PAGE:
Above This interesting photograph shows the Soviet re-enactment of the surrender of the Third Reich. Marshal Zhukov is seated directly beneath the flags. On his right is Air Chief Marshal Sir Arthur W. Tedder, on his left General Carl Spaafz. On the extreme left, on Tedder's right, sits Andrei Vyshinsky, assigned as "special adviser" to Zhukov. On the extreme right, Field Marshal Wilhelm Keitel signs "The Act of Surrender". Stalin had demanded that the formal signing of the Act of Military Surrender must take place in Berlin on 8 May in the presence of the entire "Supreme Command of the Anti-Hitler Coalition" and the German High Command.

237


JOY

AND

SORROW:

1945

Righf The second time around. Two old men, sitting amid the ruins of Berlin, stare at defeat for the second time, first in 1918 and now again in 1 945.

Left Kaput! A German officer, head in hands, realizes that the end is inevitable and imminent.

238


JOY

AND

SORROW:

1 945

Above These inhabitants of Berlin are queuing to obtain water. Berlin was a ruined city and now lacked essential services such as telephones, gas supplies, trams and the underground railway. Health services were a severe problem - the special hospitals that had been set up were crammed with the wounded. Almost half of Berlin's houses were totally destroyed and another third partly destroyed.

239


JOY

AND

SORROW:

1945

Above German prisoners of war at an assembly point in Berlin. The Red Army estimated that it had destroyed no fewer than 70 German infantry divisions and 1 2 Panzer divisions. In Berlin itself on 2 May, Zhukov's armies took 1 00,000 men prisoner, Konev's 34,000. The Berlin operation cost the Red Army 304,887 men killed, wounded or missing.

240

Right German civilians returning to Berlin. Civilian losses during the battle of Berlin were high. One estimate puts the total in the region of 100,000. At least 20,000 were victims of heart attacks and 6,000 or more committed suicide. The rest were probably killed by the continuous shelling, were caught up in streetfighting or died of wounds.


JOY

AND

SORROW:

1945

THE PRAGUE RISING

T

he citizens of Prague took to the streets on 4 May, their mass demonstrations surprising those who had been planning an organized rising. Appeals for help went out to both the Russians and the Americans. An additional appeal in Russian went to the "Vlasov Army", requesting support for the Prague rising.

Having first helped the Czechs, the "Vlasovites" again closed ranks with the S S to escape the Red Army. With unconditional German surrender on 8 May, German surrender in Prague was speedily enacted. Marshal Konev had already launched his Prague operation on 6 May. His tanks reached Prague on 9 May, linking up with Malinovskii advancing from the southeast.

Left The citizens of Prague taking to the streets. Excited by the news of the American advance into Bohemia, the populace tore down German street signs or painted them with patriotic slogans. On 5 May, "Station Prague" broadcast a dramatic appeal, asking people to support the rising, to man barricades and block roads and avenues.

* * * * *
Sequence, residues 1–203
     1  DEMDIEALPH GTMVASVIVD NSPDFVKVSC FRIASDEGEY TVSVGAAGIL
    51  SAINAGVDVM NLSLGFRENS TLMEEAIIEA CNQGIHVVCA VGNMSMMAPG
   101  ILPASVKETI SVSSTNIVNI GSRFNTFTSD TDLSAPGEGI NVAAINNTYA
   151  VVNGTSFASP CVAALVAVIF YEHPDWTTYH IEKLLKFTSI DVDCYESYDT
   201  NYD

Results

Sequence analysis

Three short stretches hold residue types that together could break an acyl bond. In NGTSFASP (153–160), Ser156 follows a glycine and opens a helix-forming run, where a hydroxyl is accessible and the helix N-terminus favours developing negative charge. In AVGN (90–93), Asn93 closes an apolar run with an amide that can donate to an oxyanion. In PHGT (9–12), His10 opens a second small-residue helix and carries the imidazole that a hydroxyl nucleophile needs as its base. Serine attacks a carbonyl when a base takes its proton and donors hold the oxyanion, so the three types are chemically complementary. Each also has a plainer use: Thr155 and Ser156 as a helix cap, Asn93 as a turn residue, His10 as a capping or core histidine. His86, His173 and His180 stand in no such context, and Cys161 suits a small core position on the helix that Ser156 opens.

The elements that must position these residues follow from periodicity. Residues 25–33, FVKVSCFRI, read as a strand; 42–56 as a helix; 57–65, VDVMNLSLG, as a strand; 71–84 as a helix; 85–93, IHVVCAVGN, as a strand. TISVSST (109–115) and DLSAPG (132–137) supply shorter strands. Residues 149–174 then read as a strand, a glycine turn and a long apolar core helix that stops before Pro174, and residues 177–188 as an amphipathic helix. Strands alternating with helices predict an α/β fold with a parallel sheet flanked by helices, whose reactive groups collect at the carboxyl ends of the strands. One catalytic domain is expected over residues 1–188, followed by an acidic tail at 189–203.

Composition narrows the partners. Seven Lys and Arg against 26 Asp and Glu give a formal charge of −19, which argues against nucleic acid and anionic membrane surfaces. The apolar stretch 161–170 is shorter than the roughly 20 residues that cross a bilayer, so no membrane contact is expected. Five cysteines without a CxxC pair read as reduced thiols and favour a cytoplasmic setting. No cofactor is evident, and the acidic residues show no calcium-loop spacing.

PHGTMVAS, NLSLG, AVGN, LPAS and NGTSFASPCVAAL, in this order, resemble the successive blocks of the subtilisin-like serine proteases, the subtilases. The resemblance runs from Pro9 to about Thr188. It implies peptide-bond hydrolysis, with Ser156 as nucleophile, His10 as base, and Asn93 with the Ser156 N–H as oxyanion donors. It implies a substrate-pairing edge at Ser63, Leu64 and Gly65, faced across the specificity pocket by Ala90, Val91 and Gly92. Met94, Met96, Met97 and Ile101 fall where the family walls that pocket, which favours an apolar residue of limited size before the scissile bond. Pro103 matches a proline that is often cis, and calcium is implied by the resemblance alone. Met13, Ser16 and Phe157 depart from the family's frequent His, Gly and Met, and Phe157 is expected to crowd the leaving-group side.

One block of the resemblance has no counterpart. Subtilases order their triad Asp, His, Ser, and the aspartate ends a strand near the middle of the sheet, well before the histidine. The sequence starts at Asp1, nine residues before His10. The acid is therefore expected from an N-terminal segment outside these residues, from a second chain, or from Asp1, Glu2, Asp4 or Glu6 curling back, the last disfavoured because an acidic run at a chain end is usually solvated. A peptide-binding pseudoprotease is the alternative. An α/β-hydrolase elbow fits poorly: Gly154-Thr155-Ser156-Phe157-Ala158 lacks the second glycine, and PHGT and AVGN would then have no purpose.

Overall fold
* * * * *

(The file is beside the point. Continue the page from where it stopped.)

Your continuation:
Right Marsha! Konev in Prague. On the very last day of the war, Konev's tanks had made a spectacular breakthrough to Prague, advancing from Saxony in the north. Travelling at breakneck speed, Soviet tanks reached Prague in the early hours of the morning of 9 May 1945. The link-up with Marshal Malinovskii occurred shortly after noon.

242


JOY

AND

SORROW:

1945

Left No-one is happier than this Soviet soldier. At 2000 hours on 8 May, Marshal Konev had ordered the capitulation of all German units in western Czechoslovakia. He allowed the German command three hours in which to submit.

Right The burial of Red Army soldiers with full military honours in Prague. Civic dignitaries and political leaders are in attendance. The Prague operation involved the 1st, 4th and 2nd Ukrainian Fronts. The cost to the Red Army was 49,348 killed, wounded and missing.

243


JOY

AND

SORROW:

1945

REVENGE AND RETRIBUTION

G

eneral Vlasov fell into Soviet hands in Czechoslovakia in May 1945. The "Vlasovite" troops, who had first supported the rising in Prague, marched south to meet the Americans. The 1st Division was disarmed by the Americans in the Schlusselburg region, where Vlasov also arrived. The Russians were informed that the Americans would evacuate Schlusselburg

and hand the town to the Red Army. Vlasov and his column left Schlusselburg hoping to enter the American zone, but were intercepted by a Soviet column. In Moscow, Vlasov and eleven others were tried for treason and hanged on 2 August 1946. Vlasov refused to confess, despite being told he would be tortured to death without trial.

Right Lieutenant General Vlasov and his fellow officers in the dock (front row, left to right): Andrei Vlasov, G.N. Zhilenkov, G.A. Zverev, V.l. Maltsev.

Left The accused in German uniform; left to right: Major General Georgii Zhilenkov, former Communist Parly functionary and Vlasov's propaganda director; Major General G.A. Zverev, former Red Army divisional commander, appointed commander of the 2nd Division of the Russian Liberation Army; and Major General V.l. Maltsev, former Red Air Force commander in Central Asia, commander of Vlasov's air squadron.

244


JOY

AND

SORROW:

1945

Above Thus Vlasov died in the Lubyanka. There was every reason lo avoid a public "show trial". It would immediately stir the memory of millions of Russians in former German-occupied territory, reminding them of the extent of the collaboration with the Germans.

245


JOY

AND

SORROW:

1945